2 Showing a 20x4 Liquid Crystal Display 25 . Fig: 4.6 D0-D7: The 8-bit data pins. a high to low pulse must be applied to this pin in order for the LCD to latch in the data present at the data pins. allowing the user to send data to be displayed on the LCD. 4. the LCD is ready to receive new information. D0-D7. The busy flag isD7 and can be read when R/W=1 and RS= 0. R/W=0 when writing. and numbers 0-9 to these pins while making RS=1. 4.4 R/W (Read/Write): R/W input allows the user to write information into the LCD or read information from it. We also use RS= 0to check the busy flag bit to see if the LCD ready to receive.To display letters and numbers. 4. are used to send information to the LCD or read the contest of the LCD internal registers.5 E (Enable): The LCD to latch information presented to its data pins uses the enable pin. we send ASCII codes for the letters A-Z.3 RS (Register Select): There are two very important registers inside LCD. WhenD7=0. the instruction command code register is selected. Cursor at home. as follows: if R/w=1 and RS = 0. allowing the user to send a command such as clear display. This pulse must be a minimum of 450 ns wide. When D7 =1. the LCD is busy taking care of internal operations and will not accept any new information. etc. R/W=1 when reading. The RS pin is used for their selection as follows.4. a-z. When data is supplied to data pins. if RS=1 the data register is selected. Is RS= 0.

CODE 1 2 4 6 5 7 8 A C E F 10 14 18 1C 80 C0 38 COMMAND TO LCD INSTRUCTION Clear display screen Return home Decrement cursor (shift cursor to left) Increment cursor (shift cursor to right) Shift Display right Shift display left Display off. cursor off Display on.1 Showing Code to execute particular Instruction 26 . cursor blinking Shift cursor position to left Shift cursor position to right Shift the entire display to the left Shift the entire display to the right Force cursor to beginning of 1st line Force cursor to beginning of 2nd line 2 lines and 5x7 matrix Table: 4. cursor blinking Display on. cursor on Display on. cursor off Display off.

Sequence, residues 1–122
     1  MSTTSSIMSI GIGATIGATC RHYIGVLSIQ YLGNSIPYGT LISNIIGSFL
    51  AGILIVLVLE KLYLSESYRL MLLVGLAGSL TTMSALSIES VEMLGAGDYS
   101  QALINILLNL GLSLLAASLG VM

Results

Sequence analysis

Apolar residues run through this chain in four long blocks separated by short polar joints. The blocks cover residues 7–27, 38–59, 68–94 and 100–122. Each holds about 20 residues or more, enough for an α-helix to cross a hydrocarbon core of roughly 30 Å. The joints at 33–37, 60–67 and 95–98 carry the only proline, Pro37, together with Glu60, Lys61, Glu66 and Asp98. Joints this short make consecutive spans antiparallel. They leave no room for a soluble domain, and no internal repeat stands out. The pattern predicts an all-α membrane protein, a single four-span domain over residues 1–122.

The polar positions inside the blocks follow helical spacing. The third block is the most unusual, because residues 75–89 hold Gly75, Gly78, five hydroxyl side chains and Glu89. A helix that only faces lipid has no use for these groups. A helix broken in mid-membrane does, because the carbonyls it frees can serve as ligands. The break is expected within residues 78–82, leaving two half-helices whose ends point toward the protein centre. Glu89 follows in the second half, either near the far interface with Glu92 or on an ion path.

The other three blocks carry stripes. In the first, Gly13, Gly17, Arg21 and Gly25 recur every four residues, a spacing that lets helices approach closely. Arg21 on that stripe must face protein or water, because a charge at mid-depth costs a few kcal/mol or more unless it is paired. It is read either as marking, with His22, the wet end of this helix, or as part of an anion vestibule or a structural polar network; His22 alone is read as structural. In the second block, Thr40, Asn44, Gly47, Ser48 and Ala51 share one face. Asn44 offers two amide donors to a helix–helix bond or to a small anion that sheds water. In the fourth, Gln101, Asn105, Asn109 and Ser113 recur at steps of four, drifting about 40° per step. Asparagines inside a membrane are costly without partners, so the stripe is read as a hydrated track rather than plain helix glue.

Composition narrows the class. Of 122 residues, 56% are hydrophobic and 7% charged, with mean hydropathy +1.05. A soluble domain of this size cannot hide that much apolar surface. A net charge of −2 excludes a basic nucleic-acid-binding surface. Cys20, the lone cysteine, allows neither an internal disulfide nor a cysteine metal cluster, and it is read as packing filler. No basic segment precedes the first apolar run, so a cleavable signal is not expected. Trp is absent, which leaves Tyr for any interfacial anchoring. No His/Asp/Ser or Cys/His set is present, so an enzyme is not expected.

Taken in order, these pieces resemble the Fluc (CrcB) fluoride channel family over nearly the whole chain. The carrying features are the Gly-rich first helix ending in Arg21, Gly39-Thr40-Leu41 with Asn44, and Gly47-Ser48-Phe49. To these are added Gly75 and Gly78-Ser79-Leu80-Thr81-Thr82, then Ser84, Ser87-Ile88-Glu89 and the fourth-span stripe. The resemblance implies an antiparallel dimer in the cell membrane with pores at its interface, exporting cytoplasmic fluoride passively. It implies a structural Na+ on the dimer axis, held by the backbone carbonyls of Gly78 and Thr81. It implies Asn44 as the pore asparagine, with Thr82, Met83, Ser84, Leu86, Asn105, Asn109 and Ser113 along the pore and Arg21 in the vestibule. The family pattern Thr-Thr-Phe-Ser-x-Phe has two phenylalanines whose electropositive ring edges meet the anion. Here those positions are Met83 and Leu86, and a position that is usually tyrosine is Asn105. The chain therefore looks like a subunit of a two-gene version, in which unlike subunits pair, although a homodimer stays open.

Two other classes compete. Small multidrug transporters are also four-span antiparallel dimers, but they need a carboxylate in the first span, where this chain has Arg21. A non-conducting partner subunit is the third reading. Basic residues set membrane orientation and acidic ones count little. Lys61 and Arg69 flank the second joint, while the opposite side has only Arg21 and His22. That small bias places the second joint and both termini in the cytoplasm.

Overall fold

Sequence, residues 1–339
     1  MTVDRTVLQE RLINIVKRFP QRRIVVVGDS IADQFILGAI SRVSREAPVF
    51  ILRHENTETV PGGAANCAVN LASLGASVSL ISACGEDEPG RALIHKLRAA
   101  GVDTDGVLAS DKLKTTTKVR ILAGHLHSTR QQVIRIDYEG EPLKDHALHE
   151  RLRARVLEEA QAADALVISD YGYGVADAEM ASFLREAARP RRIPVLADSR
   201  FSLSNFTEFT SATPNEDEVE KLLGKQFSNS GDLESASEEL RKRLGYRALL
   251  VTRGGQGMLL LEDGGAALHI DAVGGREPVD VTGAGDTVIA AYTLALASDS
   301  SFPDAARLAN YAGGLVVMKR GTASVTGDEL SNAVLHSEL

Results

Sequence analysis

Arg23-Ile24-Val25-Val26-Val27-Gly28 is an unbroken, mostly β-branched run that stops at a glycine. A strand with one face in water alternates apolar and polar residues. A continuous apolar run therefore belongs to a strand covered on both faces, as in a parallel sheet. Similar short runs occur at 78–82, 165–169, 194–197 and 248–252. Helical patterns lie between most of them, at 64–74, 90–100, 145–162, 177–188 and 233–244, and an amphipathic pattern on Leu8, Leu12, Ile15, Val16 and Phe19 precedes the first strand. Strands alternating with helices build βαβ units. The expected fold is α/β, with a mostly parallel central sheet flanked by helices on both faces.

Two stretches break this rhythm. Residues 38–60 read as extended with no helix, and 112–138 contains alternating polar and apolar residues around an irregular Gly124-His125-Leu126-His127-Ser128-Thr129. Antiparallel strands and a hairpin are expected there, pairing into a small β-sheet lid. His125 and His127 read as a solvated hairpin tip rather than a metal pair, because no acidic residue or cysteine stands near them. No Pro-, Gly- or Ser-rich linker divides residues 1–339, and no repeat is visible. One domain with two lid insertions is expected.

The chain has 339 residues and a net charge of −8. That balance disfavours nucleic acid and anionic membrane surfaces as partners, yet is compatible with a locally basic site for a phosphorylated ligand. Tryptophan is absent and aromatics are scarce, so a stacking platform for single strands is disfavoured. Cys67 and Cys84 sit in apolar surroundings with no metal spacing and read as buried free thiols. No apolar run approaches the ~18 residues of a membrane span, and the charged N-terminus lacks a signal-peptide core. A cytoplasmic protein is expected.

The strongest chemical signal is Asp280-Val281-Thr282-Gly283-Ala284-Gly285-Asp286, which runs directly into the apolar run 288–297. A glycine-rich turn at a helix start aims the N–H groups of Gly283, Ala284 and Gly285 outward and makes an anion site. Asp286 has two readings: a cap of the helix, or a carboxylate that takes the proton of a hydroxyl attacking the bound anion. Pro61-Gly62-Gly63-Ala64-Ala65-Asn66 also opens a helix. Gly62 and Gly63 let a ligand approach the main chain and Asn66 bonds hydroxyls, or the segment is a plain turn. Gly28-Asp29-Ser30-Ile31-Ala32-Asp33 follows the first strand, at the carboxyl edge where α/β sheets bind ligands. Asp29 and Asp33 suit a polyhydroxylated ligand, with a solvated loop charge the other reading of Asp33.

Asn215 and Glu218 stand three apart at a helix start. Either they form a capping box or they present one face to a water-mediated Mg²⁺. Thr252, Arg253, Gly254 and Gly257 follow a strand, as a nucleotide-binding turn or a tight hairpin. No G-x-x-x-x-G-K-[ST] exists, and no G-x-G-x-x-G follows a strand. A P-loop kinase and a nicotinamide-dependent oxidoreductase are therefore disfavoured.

 Toshiba Corp. headsets and portable computers. plug into.5. This study concluded with radio link as a better option than the optical communication like infrared because of its line of sight limitation. low power short-range radio technology originally developed as a cable replacement to connect devices such as mobile phone handsets.4 GHz globally available license free band.  IBM Corp. This band is reserved for general purpose usage of Industrial. The Bluetooth specification is an open.  Nokia Mobile Phones Bluetooth devices operate at 2. 27 . BLUETOOTH PROFILE Bluetooth is low cost. Scientific and Medical applications. enable or configure anything to anything else. polluters of this shared spectrum. Then they formed Bluetooth Special Interest Group(SIG) to define and promote Bluetooth specification with five key promoters:  Ericsson Mobile Communications  Intel Corp. No longer do people need to connect. global specification defining the complete system from the radio right up to the application level.0 of the Bluetooth came into existence in 1994 when Ericsson Mobile Communication began its study for alternatives to replace the cable and this technology hit the market in 1999. Version 1. install. Because numerous corporations are designing and producing vast range of telecom gadgets. It is not possible to get universal acceptance for a new technology developed by a single company particularly for blue tooth. Thus Bluetooth has to be very robust because many users.